- Appeals from OHIM, the CFI and the UK Trade Marks Registry


Ref no.ECJ
C-173/04 P
Deutsche SiSi-Werke GmbH & Co. Betriebs KG v OHIM
Application (and where applicable, earlier mark)
Stand-up juice pouches 
Eight marks consisting of shapes of various stand-up pouches – fruit drinks and fruit juices (32)
CommentThe ECJ dismissed the appeal and upheld the decision of the CFI. The CFI had refused the registration of the marks.
The ECJ held that it was legitimate for the CFI to consider, in its assessment of distinctive character, types of packaging used in the European market for liquids for human consumption in general. Further, the requirements imposed by the CFI in relation to the shape of the marks applied for were not too stringent.
The ECJ found that the CFI had given sufficient reasons and set out in length why the trade marks applied for were devoid of distinctive character within the meaning of Art. 7(1)(b).
Finally the ECJ rejected the plea that the CFI had erred in assessing the distinctive character of the marks in the light of the interest of possible competitors in being able to use the stand-up pouches concerned for their own goods - this was not the criterion upon which the CFI had based its decision.

Ref no.CFI
Denvinlec Développement Innovation Leclerc SA v OHIM; T.I.M.E. ART Uluslararasi Saat Ticareti ve diş Ticaret AŞ
Application (and where applicable, earlier mark)

Quantum watches and watch straps
- watches and watch straps (14)

Clocks and watch making goods 

- clocks and watch making goods (14) and leather goods (18)

Mark used as:

Quantieme - mark used 

CommentThe CFI annulled the decision of the BoA, holding that there was a likelihood of confusion between the marks within the meaning of Art. 8(1)(b).
The CFI rejected the argument that the BoA should have examined the earlier mark as used rather than as registered. Nevertheless the signs were visually and phonetically similar and the conceptual differences were insignificant in comparison.
The CFI held that in assessing likelihood of confusion, objective conditions under which the goods were marketed can be taken into account, in particular in order to determine the respective weight to be given to the visual, phonetic and conceptual aspects of the marks. However, the BoA erred in taking into consideration the fact that the goods bearing the mark were sold in E. Leclerc shopping centres only, because such instances were dependant on the business strategy of the proprietor.

Ref no.CFI
Henkel KGaA v OHIM
(decision not yet in English)
Application (and where applicable, earlier mark)Washing tablets
3D tablet with red layer uperimposed on a white layer with a bule ball embedded on the top –washing and dishwashing preparations in tablet form (3)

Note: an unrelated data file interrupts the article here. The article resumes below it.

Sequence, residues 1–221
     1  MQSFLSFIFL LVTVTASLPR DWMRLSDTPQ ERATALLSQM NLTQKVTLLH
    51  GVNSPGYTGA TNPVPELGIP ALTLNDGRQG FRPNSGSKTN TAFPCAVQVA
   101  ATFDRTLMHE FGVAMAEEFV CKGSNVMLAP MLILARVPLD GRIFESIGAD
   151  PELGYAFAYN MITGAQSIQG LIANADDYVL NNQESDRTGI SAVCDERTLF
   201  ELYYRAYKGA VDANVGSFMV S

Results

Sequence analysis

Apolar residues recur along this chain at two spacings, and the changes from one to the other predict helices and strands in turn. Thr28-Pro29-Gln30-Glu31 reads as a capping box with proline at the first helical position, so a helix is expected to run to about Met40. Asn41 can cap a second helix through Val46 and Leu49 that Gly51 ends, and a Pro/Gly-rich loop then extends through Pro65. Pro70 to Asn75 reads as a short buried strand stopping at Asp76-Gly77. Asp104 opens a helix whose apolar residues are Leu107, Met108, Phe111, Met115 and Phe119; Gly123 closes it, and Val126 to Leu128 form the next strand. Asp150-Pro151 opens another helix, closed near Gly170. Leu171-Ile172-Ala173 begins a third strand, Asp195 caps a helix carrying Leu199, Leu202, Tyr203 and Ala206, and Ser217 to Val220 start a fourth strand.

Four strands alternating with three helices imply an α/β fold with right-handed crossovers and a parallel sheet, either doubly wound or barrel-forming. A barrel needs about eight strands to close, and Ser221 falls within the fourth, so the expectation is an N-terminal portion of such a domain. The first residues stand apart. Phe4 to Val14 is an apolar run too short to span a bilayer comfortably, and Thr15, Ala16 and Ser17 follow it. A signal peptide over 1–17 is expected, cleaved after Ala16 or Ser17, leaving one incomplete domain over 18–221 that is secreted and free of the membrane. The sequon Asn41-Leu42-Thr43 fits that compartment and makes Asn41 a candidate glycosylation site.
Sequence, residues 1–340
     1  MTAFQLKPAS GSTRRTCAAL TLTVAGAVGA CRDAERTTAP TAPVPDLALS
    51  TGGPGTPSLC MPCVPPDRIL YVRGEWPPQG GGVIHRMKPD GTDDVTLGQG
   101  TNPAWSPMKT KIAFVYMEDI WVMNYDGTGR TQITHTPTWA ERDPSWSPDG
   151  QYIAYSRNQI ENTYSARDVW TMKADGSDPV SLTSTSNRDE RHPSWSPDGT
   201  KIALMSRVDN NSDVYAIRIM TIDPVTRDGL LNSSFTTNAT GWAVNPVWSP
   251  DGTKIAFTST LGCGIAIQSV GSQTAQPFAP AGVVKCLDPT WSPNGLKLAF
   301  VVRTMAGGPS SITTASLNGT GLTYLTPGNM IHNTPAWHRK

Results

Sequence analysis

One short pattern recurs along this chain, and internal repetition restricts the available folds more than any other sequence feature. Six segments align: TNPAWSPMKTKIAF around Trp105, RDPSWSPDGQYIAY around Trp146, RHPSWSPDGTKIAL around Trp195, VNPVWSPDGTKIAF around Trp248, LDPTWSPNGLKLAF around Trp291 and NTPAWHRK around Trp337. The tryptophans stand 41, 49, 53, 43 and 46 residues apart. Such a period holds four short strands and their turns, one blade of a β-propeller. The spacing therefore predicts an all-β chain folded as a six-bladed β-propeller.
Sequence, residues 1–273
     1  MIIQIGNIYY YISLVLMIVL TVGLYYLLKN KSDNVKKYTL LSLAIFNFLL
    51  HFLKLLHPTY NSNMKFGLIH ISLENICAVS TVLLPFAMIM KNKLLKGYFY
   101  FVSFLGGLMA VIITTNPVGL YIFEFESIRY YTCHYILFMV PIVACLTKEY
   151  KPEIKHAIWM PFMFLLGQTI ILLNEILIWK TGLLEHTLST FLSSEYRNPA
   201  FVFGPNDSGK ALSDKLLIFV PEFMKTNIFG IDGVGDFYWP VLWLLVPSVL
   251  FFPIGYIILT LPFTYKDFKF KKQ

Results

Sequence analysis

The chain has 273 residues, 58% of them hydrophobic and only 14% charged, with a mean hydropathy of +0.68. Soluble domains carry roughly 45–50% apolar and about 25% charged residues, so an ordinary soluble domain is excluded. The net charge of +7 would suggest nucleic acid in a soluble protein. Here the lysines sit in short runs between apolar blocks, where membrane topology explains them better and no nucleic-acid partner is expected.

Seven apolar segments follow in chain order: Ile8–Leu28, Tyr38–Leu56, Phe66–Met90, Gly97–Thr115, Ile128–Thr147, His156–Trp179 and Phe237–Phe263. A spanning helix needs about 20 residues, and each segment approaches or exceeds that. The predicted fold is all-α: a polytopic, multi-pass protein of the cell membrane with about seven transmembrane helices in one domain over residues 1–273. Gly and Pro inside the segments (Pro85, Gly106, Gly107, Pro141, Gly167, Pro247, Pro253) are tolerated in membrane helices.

CommentOHIM dismissed the application under Art. 7(1)(b). On appeal, the CFI upheld the decision.
The CFI held that when deciding whether a mark was devoid of distinctive character it must consider the nature of the goods and services in relation to which the registration is sought and the perception of the relevant public; in this case all consumers in the EU.
The criteria for assessing the distinctiveness of a 3D marks were no different from those considered in connection with any other type of mark, although the public’s perception may be different. The CFI stated that it would be more difficult in practice to establish distinctive character in a 3D mark.
The average consumer would not pay much attention to the shape of everyday products such as detergent tablets, particularly when such products were sold in packaging with verbal indications. The CFI considered that the more closely the shape for which registration was sought resembled the shape which the product was most likely to take, the greater the likelihood that the shape would be devoid of distinctive character.
The CFI concluded that a detergent tablet was most likely going to be square in shape and any coloured layers would probably indicate different chemical compositions rather than the origin of the goods.

Ref no.CFI
Volkswagen AG v OHIM; Nacional Motor SA
(decision not yet in English)
Application (and where applicable, earlier mark)


- motors and engines (apart from land vehicles), vehicles, and repairs (7, 12, 37)



- vehicles (12) (Spain)

CommentOHIM dismissed the opposition but the BoA annulled that decision (likelihood of confusion under Art. 8(1)(b)). The CFI dismissed the appeal. The word “derbi” was generally used in Spanish to describe a sports meeting between two teams from the same town or neighbouring towns. However, “derbi” was not a dominant element in DERBIVARIANT. When presented with DERBIVARIANT, the Spanish consumer would not recall the meaning of “derbi”, but would recall from a conceptual point of view the idea of “variation from a norm” which can be understood by the Spanish word “variante” which was evoked by the use of the word “variant”. Bearing in mind the similarity of goods for which the marks are intended, and the visual, phonetic and conceptual similarities between the marks, there was a risk of confusion.

Ref no.



Fernando Rodrigues Carvalhais v OHIM; Profilpas Snc


(decision not yet in English)

Application (and where applicable, earlier mark)

Building materials
- profiles of metal and accessories, profiles of plastic and rubber and their accessories, and building materials (non-metallic) (6, 17, 19)


Other building materials


- metallic profiles, synthetic profiles and building materials (6 17, 19)